It yields less than the average global equity income trust of 3.5%, but more than the 1.9% average in its own sector. Over the past decade, the shares have yielded a very respectable range of 2.1% today to 3.1% in 2009.
The trust's manager Alex Crooke, who is also co-head of equities for EMEA and Asia Pacific at Janus Henderson Investors, believes that focusing on real income growth is "vital to weathering different market conditions".
"In the accumulation stage of savings, the dividends can be reinvested and in drawdown an attractive income can be harvested to supplement living costs," he says.
City of London (CTY)
City of London, a Money Observer Rated Fund since 2015, has turned £10,000 into £21,497 over 20 years, while producing an income of £7,317 over the past decade. The trust yields 4.1% at present and pays a quarterly dividend.
Topping the dividend heroes list with 52 consecutive years' dividend growth, the trust has dipped into its revenue reserves to increase its dividend in seven out of the 27 years since Job Curtis became its manager in 1991.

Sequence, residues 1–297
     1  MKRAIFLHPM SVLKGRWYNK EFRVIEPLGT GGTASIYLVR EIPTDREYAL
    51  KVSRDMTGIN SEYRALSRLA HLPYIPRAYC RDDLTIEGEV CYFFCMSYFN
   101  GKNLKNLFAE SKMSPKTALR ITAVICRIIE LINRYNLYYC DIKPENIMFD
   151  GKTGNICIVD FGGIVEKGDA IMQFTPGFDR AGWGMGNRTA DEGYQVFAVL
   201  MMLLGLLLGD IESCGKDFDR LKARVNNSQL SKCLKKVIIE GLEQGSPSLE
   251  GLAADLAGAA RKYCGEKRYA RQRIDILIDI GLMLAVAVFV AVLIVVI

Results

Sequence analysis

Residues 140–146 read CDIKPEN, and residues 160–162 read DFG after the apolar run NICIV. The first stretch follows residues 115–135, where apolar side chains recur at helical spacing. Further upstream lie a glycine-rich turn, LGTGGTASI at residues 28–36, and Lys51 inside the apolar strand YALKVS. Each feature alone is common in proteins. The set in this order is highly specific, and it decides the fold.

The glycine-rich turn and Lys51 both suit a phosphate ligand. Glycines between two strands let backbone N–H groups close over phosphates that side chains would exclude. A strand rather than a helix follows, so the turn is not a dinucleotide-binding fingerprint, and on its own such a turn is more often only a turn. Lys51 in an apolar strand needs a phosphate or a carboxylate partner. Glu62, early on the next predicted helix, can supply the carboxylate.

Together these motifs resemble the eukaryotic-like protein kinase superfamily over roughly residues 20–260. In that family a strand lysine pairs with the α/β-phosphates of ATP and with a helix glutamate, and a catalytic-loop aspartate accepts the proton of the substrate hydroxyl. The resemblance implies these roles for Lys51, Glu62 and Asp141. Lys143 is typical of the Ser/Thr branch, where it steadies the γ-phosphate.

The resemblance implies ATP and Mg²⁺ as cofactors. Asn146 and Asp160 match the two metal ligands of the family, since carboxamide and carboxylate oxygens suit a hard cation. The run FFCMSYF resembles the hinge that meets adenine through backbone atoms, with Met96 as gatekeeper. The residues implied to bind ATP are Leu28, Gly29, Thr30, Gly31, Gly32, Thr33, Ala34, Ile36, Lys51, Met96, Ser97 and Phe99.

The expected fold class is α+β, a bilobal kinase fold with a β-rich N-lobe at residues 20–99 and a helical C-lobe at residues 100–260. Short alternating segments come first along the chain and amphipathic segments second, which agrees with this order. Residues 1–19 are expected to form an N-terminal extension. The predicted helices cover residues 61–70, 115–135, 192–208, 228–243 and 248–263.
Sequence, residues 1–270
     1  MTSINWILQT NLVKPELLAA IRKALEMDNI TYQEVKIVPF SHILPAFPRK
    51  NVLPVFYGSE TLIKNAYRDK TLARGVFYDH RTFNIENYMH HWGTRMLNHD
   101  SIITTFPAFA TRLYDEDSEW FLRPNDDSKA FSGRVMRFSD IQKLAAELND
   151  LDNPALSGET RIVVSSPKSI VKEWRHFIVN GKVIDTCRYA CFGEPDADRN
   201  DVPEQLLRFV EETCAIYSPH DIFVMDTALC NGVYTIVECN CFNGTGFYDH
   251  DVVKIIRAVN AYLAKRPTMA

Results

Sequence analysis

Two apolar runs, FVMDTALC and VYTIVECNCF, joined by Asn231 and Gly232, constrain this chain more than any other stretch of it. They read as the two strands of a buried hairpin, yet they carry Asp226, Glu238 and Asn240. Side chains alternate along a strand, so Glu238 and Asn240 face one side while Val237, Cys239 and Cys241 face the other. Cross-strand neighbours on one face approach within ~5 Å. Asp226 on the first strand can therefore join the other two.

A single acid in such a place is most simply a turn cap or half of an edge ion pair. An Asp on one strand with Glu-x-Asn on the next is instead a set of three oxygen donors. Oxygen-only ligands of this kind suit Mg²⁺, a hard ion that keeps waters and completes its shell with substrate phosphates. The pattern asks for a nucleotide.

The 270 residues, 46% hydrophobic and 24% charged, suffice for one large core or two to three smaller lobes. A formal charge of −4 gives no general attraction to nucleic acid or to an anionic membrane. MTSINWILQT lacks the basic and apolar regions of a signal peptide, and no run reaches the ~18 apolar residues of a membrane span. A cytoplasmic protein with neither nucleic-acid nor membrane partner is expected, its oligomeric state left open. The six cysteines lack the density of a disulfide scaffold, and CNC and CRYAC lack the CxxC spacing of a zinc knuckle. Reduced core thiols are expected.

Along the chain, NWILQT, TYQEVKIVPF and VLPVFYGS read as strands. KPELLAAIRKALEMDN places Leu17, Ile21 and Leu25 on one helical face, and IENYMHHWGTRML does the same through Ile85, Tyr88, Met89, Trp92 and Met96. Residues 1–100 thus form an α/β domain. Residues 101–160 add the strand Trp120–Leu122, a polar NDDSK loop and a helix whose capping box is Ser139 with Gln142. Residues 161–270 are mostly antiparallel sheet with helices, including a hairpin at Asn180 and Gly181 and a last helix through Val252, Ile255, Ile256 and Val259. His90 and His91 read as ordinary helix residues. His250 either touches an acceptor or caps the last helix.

Shareholders received a dividend of 17.7p per share for the year to 30 June 2018, up from 16.7p the previous year. That left 5.3% of earnings retained in the trust's revenue reserve, which amounts to 85% of the cost of the annual dividend.
Curtis, who is head of value and income at Janus Henderson Investors, manages the trust conservatively, focusing on high-yielding, cash-generative businesses that can consistently grow their profits and dividends.
It is one of the largest UK equity income trusts with one of the lowest ongoing charge ratios of 0.42%.
Edinburgh Investment (EDIN)
Another UK equity income trust, Edinburgh Investment has produced an income of £5,359 over the past 10 years and a capital sum of £21,166 out of an initial £10,000 invested between 1998 and 2018. It yields 3.5% at present.
One of a number of UK equity trusts managed by Mark Barnett at Invesco Perpetual, it is notable for having significant exposure to tobacco companies, which have acted as a drag on performance in recent years as increasing regulation (including on e-cigarettes) bites.
Barnett's investment process centres on the tenet that dividends prove the differentiator to long-term outperformance. He aims to generate capital growth that is greater than the growth in the FTSE All-Share index by investing in undervalued companies across the size spectrum, and to produce dividend growth that is higher than inflation by investing in companies that have sustainable dividends that he believes can be grown over time.